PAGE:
Now while I’ll admit to being occasionally guilty of talking on my cell while driving, shouldn’t our cops be exemplars of the code of law? Granted they’re only human, but come on! The least they can obey common laws while on duty, in uniform and driving a police car!
In DC, I’ve seen specific police traps that target motorists on cell phones. In fact, there’s often one not far from where this picture was taken. Surely, this cop has never been a part of those traps or ticketed anyone for cellphone violation that he himself is guilt of. I mean that would just reek of hypocrisy.
A question that occurs to me is: Could another DC Cop ticket this guy for the violation? Of course that would be a blatant violation of the Brotherhood of the Cop, but feasibly is that possible? Can an on duty officer receive a ticket?
Washington Post tells us that teams of Metro Transit Police with dogs will be conducting random bag searches on trains and buses at times when “heightened vigilance” is required. Passengers will be taken aside at random intervals before boarding buses or entering rail stations to be screened; those who do not comply will not be detained or have their bags confiscated, but they will be denied entry.
The suspect appeared to be asleep when I first saw him, but awoke with some poking from an officer, and left the train peacefully. It was when they started to put handcuffs on him that he began struggling, so he was forced to the ground, where the apprehension — and struggling — continued. Then my train arrived and I had to stop shooting video with my cellphone.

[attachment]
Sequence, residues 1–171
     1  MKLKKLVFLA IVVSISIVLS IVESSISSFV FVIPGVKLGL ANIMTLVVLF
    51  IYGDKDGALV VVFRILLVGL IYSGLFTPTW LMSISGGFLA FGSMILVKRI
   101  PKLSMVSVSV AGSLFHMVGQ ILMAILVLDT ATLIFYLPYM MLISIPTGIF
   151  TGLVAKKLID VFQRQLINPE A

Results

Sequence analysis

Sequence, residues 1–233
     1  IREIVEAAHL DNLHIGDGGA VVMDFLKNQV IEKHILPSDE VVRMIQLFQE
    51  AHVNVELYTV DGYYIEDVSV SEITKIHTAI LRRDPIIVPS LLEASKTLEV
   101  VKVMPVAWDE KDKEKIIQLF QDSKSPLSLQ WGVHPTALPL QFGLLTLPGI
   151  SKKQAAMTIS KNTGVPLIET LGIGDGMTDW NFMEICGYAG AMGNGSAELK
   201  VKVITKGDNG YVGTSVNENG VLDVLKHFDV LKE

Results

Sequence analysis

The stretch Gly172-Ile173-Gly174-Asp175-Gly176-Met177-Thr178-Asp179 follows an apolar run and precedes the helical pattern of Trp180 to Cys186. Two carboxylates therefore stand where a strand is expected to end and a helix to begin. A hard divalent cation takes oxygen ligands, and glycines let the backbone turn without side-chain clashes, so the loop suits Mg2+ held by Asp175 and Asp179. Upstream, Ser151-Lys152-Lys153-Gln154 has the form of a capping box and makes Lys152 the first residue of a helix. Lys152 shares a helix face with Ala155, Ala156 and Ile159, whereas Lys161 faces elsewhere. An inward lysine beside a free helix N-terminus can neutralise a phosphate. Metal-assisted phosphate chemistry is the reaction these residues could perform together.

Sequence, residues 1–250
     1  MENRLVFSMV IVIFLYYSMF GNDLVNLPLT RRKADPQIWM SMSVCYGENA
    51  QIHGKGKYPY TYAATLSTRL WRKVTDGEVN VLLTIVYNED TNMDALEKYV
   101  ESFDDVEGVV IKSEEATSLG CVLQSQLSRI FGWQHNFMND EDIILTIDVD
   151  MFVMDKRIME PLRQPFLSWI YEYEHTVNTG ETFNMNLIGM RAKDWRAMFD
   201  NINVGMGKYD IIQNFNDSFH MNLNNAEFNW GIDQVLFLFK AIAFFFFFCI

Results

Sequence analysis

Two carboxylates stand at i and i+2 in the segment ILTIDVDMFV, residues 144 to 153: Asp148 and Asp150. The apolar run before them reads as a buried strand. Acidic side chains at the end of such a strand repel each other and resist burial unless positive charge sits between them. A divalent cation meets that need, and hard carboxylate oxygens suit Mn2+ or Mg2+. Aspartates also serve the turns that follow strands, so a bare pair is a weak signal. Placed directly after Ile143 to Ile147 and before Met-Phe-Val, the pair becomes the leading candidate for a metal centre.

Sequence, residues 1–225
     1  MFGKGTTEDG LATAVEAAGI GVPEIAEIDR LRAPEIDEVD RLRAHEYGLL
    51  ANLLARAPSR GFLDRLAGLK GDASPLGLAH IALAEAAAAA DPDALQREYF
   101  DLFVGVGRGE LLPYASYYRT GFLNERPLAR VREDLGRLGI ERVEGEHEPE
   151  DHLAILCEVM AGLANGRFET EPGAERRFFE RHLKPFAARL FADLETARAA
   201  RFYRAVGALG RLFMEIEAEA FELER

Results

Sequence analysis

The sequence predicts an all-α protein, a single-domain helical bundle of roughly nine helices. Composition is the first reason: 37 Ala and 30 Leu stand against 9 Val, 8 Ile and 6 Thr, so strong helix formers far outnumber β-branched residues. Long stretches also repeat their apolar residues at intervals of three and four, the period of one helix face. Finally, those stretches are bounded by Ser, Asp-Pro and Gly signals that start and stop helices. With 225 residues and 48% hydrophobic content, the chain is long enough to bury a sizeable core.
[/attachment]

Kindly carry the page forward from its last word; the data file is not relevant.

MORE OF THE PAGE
So I was running a bit late for work this morning and took a cab. As we passed through downtown, WTOP on the radio warned of traffic around 18th and K Streets NW, as a pedestrian had been hit by a car around that intersection. As luck would have it, the taxi had just arrived there, and sure enough there was a backup of about half a block — nothing too bad, and I got to work just fine.
Well, guess who hit the pedestrian: Robert Novak, in his black Corvette. He says he didn’t even know he’d hit anyone till a passing biker told him. Police detained Novak on the scene for about an hour and gave him a citation (no arrest); the pedestrian, as yet unnamed, was brought to GWU with arm pain. WJLA has posted a raw video interview with Novak immediately following his emergence from an MPD cruiser.
That’s the gist of what Judge Richard Leon is saying in response to the request from the Partnership for Civil Justice, who want the program that debuted DC’s Trinidad neighborhood from ever being used again. Specifically, he raised the concern that since there’s no current implementation of the “Neighborhood Safety Zones” plan, where exactly would he enjoin the MPD from operating?
Looks like we get to see this one played out only after the MPD tries to put the cordon up around another of DC’s neighborhoods.
If you speed on K Street NW this month, you’re going to meet DC’s finest around 23rd Street as you come from under the Washington Circle tunnel. There, on the right-hand sidewalk will be Mr. Police Man with his laser speed gun, clocking your lead foot and tagging your license with points and fines.
I watched two officers tag-team K Street one afternoon, writing speeding tickets on every batch of cars zipping up the hill, and unlike others, even welcomed my photography. Their goal is speed limit enforcement and they were happy to have ticket-writing publicity.